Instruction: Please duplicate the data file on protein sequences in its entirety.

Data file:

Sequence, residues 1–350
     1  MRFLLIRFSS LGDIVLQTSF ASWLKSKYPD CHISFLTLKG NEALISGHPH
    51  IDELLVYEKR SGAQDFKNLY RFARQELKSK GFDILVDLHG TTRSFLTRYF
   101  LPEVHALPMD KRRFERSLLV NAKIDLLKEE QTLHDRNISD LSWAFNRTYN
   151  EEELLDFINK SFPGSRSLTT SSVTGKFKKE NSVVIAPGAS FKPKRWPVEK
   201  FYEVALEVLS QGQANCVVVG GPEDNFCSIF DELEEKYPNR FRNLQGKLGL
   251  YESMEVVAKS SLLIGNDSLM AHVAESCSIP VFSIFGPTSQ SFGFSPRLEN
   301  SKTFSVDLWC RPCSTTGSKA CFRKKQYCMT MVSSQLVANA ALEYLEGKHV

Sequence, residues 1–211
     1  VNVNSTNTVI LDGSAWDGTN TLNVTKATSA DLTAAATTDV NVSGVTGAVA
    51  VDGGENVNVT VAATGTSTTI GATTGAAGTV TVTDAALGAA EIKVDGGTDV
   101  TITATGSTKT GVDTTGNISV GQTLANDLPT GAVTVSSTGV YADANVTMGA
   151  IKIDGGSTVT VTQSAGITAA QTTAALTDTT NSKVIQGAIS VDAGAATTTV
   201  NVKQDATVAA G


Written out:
Sequence, residues 1–350
     1  MRFLLIRFSS LGDIVLQTSF ASWLKSKYPD CHISFLTLKG NEALISGHPH
    51  IDELLVYEKR SGAQDFKNLY RFARQELKSK GFDILVDLHG TTRSFLTRYF
   101  LPEVHALPMD KRRFERSLLV NAKIDLLKEE QTLHDRNISD LSWAFNRTYN
   151  EEELLDFINK SFPGSRSLTT SSVTGKFKKE NSVVIAPGAS FKPKRWPVEK
   201  FYEVALEVLS QGQANCVVVG GPEDNFCSIF DELEEKYPNR FRNLQGKLGL
   251  YESMEVVAKS SLLIGNDSLM AHVAESCSIP VFSIFGPTSQ SFGFSPRLEN
   301  SKTFSVDLWC RPCSTTGSKA CFRKKQYCMT MVSSQLVANA ALEYLEGKHV

Sequence, residues 1–211
     1  VNVNSTNTVI LDGSAWDGTN TLNVTKATSA DLTAAATTDV NVSGVTGAVA
    51  VDGGENVNVT VAATGTSTTI GATTGAAGTV TVTDAALGAA EIKVDGGTDV
   101  TITATGSTKT GVDTTGNISV GQTLANDLPT GAVTVSSTGV YADANVTMGA
   151  IKIDGGSTVT VTQSAGITAA QTTAALTDTT NSKVIQGAIS VDAGAATTTV
   201  NVKQDATVAA G